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Seoul crash leaves South Korea in shock as death toll rises to 154


South Korean authorities were investigating an influx of crowds that killed at least 154 revelers in Seoul on Sunday, as the shaken nation tries to cope with one of its worst disasters.

The country has entered a week-long period of mourning as officials try to figure out how the devastating crash took place.

At least 26 foreign nationals, including two US citizens, are among the dead. More than a dozen embassies around the world have confirmed casualties from their countries.

The cause of Saturday’s surge is unclear, but witnesses say revelers were packed into the narrow streets of the capital’s Itaewon nightlife district as people enjoyed the first weekend of Halloween since the lifting of Covid-19 restrictions.

Almost all of the victims – at least 150 – have been identified; police told CNN. The toll included 56 men and 97 women, South Korea’s Interior and Security Ministry reported.

As of 5 p.m. local time Sunday (4 a.m. ET), the number of injured had risen to 133, with 37 seriously injured, the department said.

“There were rows and rows of people covered in tarps on the street,” Emily Farmer, a 27-year-old English teacher in Seoul, who was passing through Itaewon, told CNN.

Farmer and his friends were “overwhelmed” by the crowd on the street and decided to enter a bar. Soon after, rumors began to spread that someone had died and patrons were not allowed to leave. Farmer said she received an emergency message from the government alerting them to a “dangerous situation in the area”, and was later allowed to leave the bar, when she discovered the scale of the tragedy.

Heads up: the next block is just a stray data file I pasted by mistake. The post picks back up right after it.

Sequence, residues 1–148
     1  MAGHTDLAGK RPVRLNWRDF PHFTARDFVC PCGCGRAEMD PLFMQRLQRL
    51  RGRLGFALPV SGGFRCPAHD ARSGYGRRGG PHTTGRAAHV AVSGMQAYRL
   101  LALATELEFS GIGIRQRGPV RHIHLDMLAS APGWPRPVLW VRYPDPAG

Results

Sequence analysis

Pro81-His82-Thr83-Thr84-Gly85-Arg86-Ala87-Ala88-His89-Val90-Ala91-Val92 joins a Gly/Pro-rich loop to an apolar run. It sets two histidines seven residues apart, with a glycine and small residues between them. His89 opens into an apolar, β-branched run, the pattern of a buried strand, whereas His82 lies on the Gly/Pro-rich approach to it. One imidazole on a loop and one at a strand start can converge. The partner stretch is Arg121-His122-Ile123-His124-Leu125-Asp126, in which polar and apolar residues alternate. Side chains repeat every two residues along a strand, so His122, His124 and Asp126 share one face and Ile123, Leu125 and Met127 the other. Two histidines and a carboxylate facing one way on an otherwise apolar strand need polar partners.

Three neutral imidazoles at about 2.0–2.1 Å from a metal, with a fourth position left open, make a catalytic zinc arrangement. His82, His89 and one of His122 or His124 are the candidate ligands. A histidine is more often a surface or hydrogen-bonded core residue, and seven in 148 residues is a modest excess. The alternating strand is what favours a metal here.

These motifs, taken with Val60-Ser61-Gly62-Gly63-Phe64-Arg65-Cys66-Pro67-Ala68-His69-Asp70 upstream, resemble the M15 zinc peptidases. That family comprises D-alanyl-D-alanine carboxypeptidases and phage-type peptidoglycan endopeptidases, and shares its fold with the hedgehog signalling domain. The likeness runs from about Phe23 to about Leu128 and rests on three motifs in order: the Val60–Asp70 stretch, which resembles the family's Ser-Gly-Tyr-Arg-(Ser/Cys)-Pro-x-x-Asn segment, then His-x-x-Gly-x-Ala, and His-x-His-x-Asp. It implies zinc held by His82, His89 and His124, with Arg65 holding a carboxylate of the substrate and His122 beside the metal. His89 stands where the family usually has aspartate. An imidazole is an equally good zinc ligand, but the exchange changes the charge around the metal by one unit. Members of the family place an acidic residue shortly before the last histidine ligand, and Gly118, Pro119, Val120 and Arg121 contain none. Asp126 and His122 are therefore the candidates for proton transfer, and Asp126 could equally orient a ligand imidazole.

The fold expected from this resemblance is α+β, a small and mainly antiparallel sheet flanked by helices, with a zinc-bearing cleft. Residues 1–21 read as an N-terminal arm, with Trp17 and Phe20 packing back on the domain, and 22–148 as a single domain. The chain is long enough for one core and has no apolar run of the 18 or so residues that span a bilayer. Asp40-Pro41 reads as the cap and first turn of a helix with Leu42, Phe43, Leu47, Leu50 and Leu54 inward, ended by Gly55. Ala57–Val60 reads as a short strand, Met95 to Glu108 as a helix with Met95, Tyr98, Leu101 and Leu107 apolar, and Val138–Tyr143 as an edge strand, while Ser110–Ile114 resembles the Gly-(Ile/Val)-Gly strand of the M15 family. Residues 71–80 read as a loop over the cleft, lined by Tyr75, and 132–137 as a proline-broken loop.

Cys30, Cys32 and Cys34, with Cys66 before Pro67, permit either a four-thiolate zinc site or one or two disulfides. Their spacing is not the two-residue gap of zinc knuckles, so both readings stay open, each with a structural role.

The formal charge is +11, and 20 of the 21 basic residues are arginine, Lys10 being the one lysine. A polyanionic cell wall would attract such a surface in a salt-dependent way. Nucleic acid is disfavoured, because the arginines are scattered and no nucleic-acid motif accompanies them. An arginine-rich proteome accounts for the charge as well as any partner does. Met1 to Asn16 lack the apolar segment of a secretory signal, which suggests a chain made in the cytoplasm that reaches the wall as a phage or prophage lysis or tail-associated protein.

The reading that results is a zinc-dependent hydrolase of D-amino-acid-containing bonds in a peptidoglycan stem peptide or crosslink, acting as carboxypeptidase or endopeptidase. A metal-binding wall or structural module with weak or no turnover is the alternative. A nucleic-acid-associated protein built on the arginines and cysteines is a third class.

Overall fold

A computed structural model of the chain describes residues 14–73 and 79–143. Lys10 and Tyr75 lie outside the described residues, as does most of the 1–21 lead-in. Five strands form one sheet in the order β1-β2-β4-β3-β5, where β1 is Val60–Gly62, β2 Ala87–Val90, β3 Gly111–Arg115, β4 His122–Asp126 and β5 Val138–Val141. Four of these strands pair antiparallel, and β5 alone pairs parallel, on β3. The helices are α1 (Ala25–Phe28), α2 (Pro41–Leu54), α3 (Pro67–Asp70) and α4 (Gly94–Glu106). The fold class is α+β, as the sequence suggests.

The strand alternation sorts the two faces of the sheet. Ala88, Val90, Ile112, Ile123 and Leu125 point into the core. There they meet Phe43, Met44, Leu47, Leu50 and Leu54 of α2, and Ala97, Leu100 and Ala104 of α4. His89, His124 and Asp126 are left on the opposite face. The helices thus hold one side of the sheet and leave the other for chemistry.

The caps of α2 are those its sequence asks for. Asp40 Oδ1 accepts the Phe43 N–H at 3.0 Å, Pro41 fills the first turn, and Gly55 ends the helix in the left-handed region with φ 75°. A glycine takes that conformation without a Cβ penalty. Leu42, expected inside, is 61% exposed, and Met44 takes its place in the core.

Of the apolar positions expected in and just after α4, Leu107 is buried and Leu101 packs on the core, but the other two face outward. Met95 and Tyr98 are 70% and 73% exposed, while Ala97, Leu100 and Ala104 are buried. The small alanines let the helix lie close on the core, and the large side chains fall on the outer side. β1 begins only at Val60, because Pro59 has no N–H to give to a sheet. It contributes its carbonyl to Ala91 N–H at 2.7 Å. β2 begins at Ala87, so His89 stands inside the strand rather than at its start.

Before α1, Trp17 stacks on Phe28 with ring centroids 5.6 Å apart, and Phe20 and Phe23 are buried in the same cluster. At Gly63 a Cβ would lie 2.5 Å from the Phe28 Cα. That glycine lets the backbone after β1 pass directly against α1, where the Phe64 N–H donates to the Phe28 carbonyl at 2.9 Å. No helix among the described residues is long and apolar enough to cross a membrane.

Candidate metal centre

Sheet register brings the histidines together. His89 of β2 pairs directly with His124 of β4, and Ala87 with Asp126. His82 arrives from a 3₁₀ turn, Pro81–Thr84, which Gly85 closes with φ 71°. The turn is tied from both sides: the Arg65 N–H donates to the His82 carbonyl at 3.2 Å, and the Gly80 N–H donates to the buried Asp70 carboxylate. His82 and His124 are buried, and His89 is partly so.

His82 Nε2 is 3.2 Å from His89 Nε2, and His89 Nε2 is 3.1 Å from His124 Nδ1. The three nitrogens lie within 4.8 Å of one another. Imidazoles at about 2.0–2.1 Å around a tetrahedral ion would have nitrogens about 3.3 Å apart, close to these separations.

“It was awful,” she said. “Not everyone died instantly.” Groups of people were crying, she added. Many victims were receiving CPR and had their suits removed to allow medics at the scene to resuscitate them. “They were still taking people out because it was so crowded,” she added.

Another eyewitness, Sung Sehyun, told CNN the street space looked like a “blocked subway” on Saturday night, with Halloween revelers so packed it was hard to get around.

Seoul crash leaves South Korea in shock as death toll rises to 154

Suah Cho added that people started jostling and there was a lot of shouting. She eventually managed to detour and fled to safety, but had seen people climbing buildings to survive. She added that the costumes people were wearing added to the confusion; “there was also a policeman who was shouting but we couldn’t really tell (if it was) a real policeman because so many people were wearing suits.”

Witnesses told CNN there was very little – if any – crowd control before the mass of people became deadly.

Videos and photos posted on social media show people huddled together, standing side by side in the narrow street.

Seoul crash leaves South Korea in shock as death toll rises to 154

Crowds are not unusual for this area, nor for Seoul residents, who are used to the crowded subways and streets of a city of nearly 10 million people.

After the first emergency calls arrived around 10:24 p.m., authorities rushed to the scene – but the sheer volume of people made it difficult to reach those in need. Video posted to social media showed people performing push-ups on other revelers lying on the ground waiting for medical assistance.

A number of countries, including the United States, China, Iran, Thailand, Sri Lanka, Japan, Australia, Norway and France, have confirmed that their nationals were among the victims.

Three South Korean military personnel were also among those killed, a Korean Defense Ministry official told CNN.

The South Korean government has set a national mourning period until November 5, Prime Minister Han Duck-soo said at a press briefing.

During the mourning period, all public institutions and diplomatic offices will fly half-mast flags, Han said, adding that all non-emergency events will be postponed.

Civil servants and employees of public institutions will wear ribbons to express their condolences during the mourning period, Han said.


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